ADEO, a new ESA system for space debris

Space junk is a big problem. Just a few days ago we told you about the latest incident (for now), with two objects from the extinct Soviet Union (a satellite and a launch phase). they were very, very close to colliding with each other. It may seem that this is not a problem, since both objects are out of order, but said collision could have generated thousands of fragments of garbage in orbit, fragments that can cause accidents like the one suffered a few months ago by the Soyuz spacecraft that is anchored to the International Space Station and which was not only the return vehicle for three of the seven astronauts currently on the ISS, it was also their lifeboat if an emergency evacuation was necessary.

This, as we have already told on previous occasions, is not something new. Researchers around the world have been warning about this risk for decades and, as low orbit has begun to be populated, possible plans for its withdrawal have begun to be studied. The problem is that all the means tested so far have been discarded, either because they did not work or because the economic cost of putting them into operation was unaffordable, not just for a country, but even for international consortia.

So that, the scientific community continues to rack its brains in search and capture of a solution that allows, finally, to start removing as much of said space junk as possible. At this point it is important to remember that when we talk about space debris we are referring to satellites and launch phases, but also to much smaller pieces and fragments, some so tiny that seen in the hand they would seem harmless, but when orbiting they move to such a speed that can be lethal.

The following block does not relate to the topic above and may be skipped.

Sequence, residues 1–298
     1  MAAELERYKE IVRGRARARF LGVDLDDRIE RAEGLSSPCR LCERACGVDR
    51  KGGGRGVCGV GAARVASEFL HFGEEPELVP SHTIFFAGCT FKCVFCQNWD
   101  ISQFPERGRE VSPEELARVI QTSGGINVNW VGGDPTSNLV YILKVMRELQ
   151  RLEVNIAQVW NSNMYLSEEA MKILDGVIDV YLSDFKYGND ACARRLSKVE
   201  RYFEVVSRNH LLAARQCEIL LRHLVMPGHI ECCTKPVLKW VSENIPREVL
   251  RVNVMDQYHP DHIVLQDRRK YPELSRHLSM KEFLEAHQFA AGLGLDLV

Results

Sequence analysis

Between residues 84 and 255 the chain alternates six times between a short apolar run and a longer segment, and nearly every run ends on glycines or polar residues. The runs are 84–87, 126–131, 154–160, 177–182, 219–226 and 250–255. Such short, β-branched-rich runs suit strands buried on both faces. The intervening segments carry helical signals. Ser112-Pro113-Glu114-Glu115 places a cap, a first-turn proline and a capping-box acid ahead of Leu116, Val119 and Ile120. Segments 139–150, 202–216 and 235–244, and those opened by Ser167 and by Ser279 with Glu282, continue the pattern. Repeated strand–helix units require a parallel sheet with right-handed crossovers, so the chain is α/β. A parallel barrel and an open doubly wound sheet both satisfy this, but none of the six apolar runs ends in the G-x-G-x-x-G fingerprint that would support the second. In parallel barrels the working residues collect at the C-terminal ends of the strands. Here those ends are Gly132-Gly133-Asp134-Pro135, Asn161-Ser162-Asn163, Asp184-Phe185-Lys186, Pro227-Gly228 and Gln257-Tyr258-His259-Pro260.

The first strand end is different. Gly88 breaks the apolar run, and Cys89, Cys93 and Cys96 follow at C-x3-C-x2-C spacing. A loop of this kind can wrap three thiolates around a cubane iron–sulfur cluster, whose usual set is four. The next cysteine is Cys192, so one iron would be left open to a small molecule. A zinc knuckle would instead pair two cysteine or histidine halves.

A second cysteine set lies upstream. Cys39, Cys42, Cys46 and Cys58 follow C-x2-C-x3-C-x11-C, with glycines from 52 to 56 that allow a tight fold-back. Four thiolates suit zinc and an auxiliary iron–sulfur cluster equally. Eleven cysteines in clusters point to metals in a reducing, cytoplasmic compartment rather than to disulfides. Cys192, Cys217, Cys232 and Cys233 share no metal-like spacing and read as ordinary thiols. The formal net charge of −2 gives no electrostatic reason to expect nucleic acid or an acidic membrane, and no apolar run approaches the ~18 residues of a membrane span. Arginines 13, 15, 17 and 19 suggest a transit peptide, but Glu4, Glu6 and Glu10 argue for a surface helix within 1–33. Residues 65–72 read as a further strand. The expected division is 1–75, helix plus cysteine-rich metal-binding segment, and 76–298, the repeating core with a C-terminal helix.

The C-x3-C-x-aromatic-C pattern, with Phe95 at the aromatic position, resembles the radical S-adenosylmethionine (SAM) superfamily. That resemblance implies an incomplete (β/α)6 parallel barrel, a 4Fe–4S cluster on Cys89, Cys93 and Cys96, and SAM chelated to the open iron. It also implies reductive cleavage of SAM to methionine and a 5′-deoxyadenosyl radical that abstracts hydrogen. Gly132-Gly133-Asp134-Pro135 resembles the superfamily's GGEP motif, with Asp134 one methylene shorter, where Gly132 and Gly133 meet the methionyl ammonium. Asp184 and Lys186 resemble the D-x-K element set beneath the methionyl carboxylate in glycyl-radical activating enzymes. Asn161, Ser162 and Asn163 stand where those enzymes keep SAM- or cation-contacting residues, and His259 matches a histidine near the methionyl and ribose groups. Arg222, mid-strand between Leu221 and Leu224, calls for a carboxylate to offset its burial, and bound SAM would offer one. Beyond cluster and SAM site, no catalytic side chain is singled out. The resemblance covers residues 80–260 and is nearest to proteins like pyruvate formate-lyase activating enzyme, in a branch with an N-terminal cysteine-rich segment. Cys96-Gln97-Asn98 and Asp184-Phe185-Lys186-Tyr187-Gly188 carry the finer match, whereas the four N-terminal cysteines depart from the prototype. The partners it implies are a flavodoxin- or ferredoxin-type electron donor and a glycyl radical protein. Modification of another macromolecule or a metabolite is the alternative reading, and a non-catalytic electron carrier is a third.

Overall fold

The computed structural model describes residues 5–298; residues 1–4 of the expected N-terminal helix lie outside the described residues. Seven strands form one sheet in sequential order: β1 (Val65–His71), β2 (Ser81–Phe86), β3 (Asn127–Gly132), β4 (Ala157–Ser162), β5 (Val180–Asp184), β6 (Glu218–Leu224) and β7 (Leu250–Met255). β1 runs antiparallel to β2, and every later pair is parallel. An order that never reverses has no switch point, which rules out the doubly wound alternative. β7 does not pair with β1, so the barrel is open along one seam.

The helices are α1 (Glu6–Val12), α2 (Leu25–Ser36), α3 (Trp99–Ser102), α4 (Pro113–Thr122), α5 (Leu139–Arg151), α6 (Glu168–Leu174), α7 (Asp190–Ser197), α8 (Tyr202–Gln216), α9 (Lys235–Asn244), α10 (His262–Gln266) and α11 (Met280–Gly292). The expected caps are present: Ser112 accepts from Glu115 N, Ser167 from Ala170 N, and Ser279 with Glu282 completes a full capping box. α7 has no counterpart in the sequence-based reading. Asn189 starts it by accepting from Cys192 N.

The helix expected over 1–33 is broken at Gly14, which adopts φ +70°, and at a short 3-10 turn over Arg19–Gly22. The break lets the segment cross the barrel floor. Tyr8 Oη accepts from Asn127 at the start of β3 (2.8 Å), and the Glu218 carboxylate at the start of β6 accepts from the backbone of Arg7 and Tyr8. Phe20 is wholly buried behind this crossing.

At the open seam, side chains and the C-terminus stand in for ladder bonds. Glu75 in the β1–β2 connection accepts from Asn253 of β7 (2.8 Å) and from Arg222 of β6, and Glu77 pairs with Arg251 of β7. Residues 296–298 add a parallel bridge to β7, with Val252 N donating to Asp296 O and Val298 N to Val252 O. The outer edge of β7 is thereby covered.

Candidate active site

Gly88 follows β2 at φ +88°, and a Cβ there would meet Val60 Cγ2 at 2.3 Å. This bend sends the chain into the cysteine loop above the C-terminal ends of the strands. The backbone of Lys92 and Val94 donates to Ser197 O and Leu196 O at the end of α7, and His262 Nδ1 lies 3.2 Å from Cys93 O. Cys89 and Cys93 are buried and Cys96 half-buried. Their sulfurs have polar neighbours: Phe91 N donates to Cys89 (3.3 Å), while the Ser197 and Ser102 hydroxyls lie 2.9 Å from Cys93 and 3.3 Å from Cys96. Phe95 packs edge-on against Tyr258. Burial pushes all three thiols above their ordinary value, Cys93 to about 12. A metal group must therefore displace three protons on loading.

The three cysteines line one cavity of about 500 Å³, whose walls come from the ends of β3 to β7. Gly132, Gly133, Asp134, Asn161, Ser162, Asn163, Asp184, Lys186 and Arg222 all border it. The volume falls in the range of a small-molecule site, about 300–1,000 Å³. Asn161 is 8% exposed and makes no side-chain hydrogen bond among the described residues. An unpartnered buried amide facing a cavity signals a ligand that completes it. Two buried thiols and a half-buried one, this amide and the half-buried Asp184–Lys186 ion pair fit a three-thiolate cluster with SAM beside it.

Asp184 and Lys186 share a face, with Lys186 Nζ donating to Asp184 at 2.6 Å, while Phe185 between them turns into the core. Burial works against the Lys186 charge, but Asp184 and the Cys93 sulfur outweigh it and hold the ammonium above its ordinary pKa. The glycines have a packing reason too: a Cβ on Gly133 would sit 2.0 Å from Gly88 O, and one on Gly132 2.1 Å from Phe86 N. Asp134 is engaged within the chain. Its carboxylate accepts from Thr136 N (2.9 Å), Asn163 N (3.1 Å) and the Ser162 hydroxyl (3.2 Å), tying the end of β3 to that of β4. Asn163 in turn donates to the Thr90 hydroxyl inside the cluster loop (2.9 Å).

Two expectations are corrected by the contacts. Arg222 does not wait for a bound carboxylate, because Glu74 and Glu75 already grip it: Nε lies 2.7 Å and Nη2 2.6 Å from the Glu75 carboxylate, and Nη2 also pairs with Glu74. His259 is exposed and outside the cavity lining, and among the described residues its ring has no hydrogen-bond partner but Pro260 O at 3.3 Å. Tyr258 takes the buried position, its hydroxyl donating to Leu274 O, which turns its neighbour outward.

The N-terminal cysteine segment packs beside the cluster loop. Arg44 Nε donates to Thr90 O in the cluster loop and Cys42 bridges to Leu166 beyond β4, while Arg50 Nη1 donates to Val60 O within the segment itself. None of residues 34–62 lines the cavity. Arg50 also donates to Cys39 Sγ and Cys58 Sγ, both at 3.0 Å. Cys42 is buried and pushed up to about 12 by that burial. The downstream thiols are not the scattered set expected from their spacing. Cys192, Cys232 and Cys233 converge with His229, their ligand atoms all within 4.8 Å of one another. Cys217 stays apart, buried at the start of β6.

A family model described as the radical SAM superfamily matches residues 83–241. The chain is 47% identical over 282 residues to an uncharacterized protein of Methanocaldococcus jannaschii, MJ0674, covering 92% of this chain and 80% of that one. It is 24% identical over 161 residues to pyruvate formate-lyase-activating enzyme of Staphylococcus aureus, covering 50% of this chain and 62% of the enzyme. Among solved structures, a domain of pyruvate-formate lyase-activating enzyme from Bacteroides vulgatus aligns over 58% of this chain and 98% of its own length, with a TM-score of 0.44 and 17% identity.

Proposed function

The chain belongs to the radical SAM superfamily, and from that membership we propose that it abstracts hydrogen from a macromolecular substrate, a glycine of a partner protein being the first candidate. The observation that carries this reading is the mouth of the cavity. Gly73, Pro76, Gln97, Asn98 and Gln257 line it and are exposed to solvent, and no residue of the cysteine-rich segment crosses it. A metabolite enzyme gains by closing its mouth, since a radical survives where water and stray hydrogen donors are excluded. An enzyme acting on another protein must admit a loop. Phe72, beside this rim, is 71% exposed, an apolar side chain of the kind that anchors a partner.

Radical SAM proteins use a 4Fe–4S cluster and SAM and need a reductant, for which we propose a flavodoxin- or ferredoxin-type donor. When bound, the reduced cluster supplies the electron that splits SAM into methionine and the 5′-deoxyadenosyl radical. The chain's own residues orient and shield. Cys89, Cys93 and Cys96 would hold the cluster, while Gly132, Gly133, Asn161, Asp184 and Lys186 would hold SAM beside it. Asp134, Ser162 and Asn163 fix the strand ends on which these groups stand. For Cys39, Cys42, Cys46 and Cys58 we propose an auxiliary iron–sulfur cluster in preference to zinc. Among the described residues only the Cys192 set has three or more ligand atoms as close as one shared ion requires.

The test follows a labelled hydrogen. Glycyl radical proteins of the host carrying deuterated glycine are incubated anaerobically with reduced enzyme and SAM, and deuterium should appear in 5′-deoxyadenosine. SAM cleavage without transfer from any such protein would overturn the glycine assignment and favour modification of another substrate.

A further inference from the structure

The European Space Agency has already studied other plans to attack this problem in the past, but of all the options seen so far, it seems that we are now facing the most promising in all respects. I speak of ADEO, a new ESA system that proposes to end space debris using sails. I eat? In a very, very simple explanation, the idea is that when a satellite or other object ceases to be in service, a sail is deployed in front of it, crossing its path. In this way, greater friction will be generated by the set of sail and object, which in turn will cause its orbit to decline, causing it to finally fall into the atmosphere, to end up calcined in it.

The most interesting thing is that ADEO has already been tested by the European Space Agency and the results, at this point, are truly satisfactory, although for the moment it has been tested with small elements and sails, specifically with a version capable of stopping objects with a mass of up to 100 kilograms. However, the agency affirms that sails of up to one hundred square meters may be used, so they will be able to slow down and precipitate the fall of large objects.

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